In Sands, supra, the plaintiff went to an insurance broker with whom he had previously dealt to obtain auto insurance. The plaintiff indicated that he desired to be fully insured, and since the broker was familiar with the plaintiff, the broker had the plaintiff sign a blank insurance *395 application, leaving the broker to fill in all of the necessary information. Although the broker accepted the premium payment and placed the insurance with the defendant, Granite Mutual Insurance Company, the broker failed to obtain uninsured motorist coverage for plaintiff. During the next two years, plaintiff paid all premiums on the policy directly to the broker, who also processed a renewal of the policy for plaintiff at the end of the first year. Toward the end of the second year of the policy, plaintiff made an installment payment of the premium to the broker in order to renew the policy, and within two months, plaintiff paid to the broker the premium balance in full. The broker failed to forward plaintiff's renewal application and premium payments to the insurance company. Plaintiff discovered the broker's default when he was injured in an automobile accident involving an uninsured motorist and sought payment under the policy. This Court held that the broker had apparent, if not actual, authority to receive payments from plaintiff and bind Granite, and therefore, the payment of the premiums to the broker by the plaintiff was good payment. In finding that the broker had apparent authority to bind the insurer, the Court noted that the insurance policy listed the broker as an "authorized representative," and that the insurer permitted the broker to set rates and deduct its commissions directly from the premium payments as the broker received them. The Court noted that[i]t requires no extended discussion or citation of authorities to establish the proposition that a person authorized to deliver a policy of insurance and receive and receipt for the premiums is the agent of the company for that purpose, and the payment of the premium to him is good payment.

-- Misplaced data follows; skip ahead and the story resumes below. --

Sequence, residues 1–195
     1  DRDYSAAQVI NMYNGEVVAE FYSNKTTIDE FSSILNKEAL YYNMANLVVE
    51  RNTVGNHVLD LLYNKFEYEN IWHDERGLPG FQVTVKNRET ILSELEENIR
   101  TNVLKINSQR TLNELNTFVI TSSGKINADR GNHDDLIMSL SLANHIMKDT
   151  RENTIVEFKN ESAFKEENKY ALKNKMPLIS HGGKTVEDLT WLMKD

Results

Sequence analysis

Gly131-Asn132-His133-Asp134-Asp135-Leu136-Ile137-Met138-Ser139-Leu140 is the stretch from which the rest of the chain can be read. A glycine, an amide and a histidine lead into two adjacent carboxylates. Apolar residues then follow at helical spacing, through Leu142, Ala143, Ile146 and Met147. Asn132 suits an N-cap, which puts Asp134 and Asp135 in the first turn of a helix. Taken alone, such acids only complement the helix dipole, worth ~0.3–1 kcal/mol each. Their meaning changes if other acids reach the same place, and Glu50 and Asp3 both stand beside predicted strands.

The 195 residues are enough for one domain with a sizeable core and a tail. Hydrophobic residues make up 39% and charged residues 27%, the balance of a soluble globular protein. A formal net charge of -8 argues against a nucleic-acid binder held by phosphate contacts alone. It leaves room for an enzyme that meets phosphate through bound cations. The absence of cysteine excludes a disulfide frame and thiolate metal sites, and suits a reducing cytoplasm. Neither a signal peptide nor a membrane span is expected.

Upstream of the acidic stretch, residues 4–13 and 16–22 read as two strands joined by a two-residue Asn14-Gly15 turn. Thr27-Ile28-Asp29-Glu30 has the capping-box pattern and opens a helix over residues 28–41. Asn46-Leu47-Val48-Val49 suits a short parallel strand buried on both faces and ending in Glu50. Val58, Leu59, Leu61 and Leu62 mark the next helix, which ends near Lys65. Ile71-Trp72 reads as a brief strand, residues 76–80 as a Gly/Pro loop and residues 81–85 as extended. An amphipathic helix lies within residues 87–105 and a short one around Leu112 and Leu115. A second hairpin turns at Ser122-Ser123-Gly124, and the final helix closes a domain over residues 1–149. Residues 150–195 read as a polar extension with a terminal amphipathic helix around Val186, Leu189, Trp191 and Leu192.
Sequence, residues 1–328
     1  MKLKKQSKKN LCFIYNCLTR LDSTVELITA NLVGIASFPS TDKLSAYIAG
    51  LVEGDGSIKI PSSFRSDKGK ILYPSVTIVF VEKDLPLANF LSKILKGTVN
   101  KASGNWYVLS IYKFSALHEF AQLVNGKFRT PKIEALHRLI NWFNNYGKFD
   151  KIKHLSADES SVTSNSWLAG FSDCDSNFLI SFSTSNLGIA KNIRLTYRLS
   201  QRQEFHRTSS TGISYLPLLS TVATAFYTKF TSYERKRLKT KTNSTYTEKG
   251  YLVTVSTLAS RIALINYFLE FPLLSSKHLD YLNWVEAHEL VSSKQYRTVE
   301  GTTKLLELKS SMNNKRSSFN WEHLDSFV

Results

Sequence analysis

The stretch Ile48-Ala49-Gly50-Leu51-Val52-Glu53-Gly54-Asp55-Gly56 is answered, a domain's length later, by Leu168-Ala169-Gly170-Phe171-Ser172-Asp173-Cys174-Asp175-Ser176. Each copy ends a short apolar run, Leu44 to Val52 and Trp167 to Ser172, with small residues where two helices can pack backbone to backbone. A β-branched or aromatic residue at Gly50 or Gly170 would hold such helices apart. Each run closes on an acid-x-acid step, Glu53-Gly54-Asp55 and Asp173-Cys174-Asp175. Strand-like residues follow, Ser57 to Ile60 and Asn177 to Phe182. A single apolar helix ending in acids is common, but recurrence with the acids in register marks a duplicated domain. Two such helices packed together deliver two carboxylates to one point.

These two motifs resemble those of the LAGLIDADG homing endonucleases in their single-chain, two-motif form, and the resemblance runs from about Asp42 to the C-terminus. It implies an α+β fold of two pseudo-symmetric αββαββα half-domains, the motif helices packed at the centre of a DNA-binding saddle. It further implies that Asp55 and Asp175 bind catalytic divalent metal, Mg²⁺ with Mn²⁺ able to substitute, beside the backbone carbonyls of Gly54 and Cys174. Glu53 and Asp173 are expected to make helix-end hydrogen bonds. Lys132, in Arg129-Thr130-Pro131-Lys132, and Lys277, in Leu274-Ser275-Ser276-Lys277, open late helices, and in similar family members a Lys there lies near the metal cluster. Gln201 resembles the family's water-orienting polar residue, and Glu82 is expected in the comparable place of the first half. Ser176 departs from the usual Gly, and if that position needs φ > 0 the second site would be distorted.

Id. 232 Pa.Super. at 78, 331 A.2d at 716, quoting Thomas v. Western Ins. Co., 5 Pa.Super. 383 (1897).
Although neither Taylor v. Crowe nor Sands is directly on point, we find the Sands case to be applicable to our factual situation. In Taylor v. Crowe, supra, the broker had absolutely no contact with the insurers and the dispute *396 centered on the authority of the broker to bind the insurer regarding substantive provisions of the policy; thus, we find that Taylor v. Crowe is substantially different from this case. Although there are factual differences between the instant case and Sands, we find that Sands supports a finding that Seers was an agent of Harleysville in Seers' function of collecting premiums from Mr. Joyner. Harleysville was aware of the role that Seers had adopted, and approved of Seers' course of dealing to the extent that Harleysville accepted Mr. Joyner's renewal request through Seers and accepted Mr. Joyner's premium payments in the form of the Seers checks, rather than insisting upon direct payment by the Joyners. We hold that Seers had apparent authority to receive the premiums on behalf of Harleysville, and thus was Harleysville's agent for purposes of receiving and remitting the premium payments. Despite the language in the Plan application which denied any agency relationship between the producer and the assigned insurer, Harleysville knowingly permitted Seers to accept the premium payments and process Mr. Joyner's requests for changes in policy and renewal. Furthermore, Harleysville continued to permit Seers to receive and remit the premiums after Seers submitted the request for renewal and accompanying premium late and a Seers check was dishonored for insufficient funds. Thus, we find that the clause in the application denying an agency relationship is not dispositive of the question of the agency relationship between Harleysville and Seers.